Based out of Nashville, four of the five band members are family and include Ed Cash, his daughter Franni, son Martin, Ed’s brother Scott, and good friend Andrew Bergthold. Although Ed and Scott set out to be musicians early in life, they had to put their dreams, and tours, on hold to be there for their growing families. They stayed active in the music business and had great success behind the scenes as both songwriters and producers, and they became deeply involved in playing music at Young Life camps. These camps allow young people to get away, have fun, and strengthen their Christian faith.

We the Kingdom came together quite unexpectedly. While at a Young Life camp in Georgia in 2017, and while dealing with some major issues of their own, the members came together one night to write a song for the campers.

“We thought, ‘What would the Lord tell these kids?,’ and it was almost as if the Lord was talking to us in that moment,” says Andrew. “We ended up writing the song Dancing on the Waves in about 30 minutes and it was so good that we just started writing more. We then we realized that there was a band here.”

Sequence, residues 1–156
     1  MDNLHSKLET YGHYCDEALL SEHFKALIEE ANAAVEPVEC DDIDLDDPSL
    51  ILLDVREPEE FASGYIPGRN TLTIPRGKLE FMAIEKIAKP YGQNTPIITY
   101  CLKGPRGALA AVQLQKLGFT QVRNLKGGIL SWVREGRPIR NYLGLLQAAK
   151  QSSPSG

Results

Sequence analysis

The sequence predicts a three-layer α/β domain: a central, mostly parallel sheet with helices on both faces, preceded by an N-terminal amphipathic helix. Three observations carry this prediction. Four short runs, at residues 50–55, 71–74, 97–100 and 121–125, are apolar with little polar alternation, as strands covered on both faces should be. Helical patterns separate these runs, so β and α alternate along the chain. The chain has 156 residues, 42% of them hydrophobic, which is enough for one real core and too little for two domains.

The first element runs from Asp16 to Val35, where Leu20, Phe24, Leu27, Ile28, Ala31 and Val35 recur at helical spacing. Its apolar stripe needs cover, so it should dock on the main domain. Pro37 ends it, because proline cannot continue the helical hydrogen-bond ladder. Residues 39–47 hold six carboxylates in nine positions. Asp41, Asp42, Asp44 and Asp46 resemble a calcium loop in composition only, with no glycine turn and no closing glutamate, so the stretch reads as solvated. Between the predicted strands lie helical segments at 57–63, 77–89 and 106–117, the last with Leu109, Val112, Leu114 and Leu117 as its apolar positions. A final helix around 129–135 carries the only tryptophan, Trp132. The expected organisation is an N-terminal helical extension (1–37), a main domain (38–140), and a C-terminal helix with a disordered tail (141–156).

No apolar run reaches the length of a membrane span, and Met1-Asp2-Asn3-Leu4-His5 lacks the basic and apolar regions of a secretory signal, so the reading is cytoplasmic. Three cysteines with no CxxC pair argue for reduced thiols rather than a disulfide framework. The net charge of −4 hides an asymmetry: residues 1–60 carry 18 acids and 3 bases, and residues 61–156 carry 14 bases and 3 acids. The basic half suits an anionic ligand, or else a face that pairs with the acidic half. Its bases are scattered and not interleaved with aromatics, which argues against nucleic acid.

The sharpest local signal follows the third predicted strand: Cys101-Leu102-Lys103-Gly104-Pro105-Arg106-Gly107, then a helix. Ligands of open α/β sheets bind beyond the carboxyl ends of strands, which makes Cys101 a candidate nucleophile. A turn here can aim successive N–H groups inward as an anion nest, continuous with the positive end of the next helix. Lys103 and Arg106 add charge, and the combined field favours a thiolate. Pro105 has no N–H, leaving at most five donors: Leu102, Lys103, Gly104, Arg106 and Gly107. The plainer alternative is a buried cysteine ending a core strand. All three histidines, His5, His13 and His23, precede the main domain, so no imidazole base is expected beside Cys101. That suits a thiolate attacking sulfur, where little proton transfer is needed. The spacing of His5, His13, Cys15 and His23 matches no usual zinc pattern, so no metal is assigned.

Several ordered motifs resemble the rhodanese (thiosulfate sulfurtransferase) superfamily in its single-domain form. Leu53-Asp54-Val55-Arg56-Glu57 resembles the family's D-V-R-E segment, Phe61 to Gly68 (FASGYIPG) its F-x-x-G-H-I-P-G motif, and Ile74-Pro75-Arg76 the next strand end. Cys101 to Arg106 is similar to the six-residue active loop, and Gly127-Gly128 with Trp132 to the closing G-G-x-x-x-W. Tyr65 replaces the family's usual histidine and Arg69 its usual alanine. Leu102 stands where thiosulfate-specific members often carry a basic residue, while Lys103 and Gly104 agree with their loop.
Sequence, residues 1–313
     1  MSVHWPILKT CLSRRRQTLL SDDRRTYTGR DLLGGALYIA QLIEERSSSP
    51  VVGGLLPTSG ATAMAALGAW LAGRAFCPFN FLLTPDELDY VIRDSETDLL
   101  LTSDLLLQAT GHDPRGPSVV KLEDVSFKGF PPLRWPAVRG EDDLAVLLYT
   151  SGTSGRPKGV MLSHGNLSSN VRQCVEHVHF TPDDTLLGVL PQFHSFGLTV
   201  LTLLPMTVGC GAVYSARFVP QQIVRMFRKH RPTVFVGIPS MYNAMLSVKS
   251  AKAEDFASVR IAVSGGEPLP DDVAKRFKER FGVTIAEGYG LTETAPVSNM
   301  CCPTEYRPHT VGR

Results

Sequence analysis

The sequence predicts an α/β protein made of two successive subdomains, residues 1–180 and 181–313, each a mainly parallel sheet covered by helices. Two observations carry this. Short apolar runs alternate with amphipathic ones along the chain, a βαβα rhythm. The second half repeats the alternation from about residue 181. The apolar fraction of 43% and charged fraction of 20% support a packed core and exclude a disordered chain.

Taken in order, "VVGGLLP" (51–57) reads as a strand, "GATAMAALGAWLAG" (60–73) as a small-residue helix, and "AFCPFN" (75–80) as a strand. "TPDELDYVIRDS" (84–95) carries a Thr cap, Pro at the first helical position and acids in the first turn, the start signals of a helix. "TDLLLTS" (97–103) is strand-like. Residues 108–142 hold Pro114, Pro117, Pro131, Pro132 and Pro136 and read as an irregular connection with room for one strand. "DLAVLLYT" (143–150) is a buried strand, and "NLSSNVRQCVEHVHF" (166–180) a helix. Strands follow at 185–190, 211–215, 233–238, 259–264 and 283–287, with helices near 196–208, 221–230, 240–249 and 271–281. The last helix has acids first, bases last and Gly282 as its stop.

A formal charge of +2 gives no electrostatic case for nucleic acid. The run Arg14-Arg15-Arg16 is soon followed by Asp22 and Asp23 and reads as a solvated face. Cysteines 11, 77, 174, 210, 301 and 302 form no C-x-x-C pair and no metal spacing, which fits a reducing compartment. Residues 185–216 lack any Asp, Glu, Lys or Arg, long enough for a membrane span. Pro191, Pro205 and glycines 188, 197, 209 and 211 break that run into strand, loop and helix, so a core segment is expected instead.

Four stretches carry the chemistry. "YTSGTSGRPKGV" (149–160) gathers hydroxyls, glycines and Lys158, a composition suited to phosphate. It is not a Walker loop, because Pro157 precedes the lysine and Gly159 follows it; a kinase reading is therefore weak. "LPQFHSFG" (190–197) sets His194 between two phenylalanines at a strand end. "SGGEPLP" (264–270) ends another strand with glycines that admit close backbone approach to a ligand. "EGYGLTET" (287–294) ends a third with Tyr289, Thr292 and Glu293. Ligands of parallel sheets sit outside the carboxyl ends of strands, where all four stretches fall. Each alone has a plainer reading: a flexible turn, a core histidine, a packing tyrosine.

From there, things happened fast. “We wrote the song in 2017, and then we got serious in 2018, and then we got signed to our record label in 2019,” says Franni.

Soon after, the band released the single, Holy Water, in 2019 and it hit number two on the Billboard Hot Christian Songs chart. In October 2019, they released their first EP, Live at the Wheelhouse, which reached the Top Three on Billboard’s Top Christian Albums chart. Then in 2020, their second EP, Live Acoustic Sessions, was released, followed by their full-length album Holy Water, which debuted at number four on the Billboard’s Top Christian Albums chart and earned them a  Grammy nomination for Best Contemporary Christian Music Album.

This past October, We the Kingdom released their Christmas album, A Family Christmas, which contains some beloved classics with the band’s own unique spin. There are five songs in total and one song has two versions.

While categorized as Christian, the music actually encompasses the sound and style of rock, soul, country, folk and pop. Because of this, it appeals to a very diverse crowd. The group also uses their music not just to entertain and connect with others, but to find peace and serenity within each other. “It’s almost like five different artists came together and God used the five of us to mesh and heal each of our five individual stories and to fulfill the same dream that we all had to be an artist,” says Martin.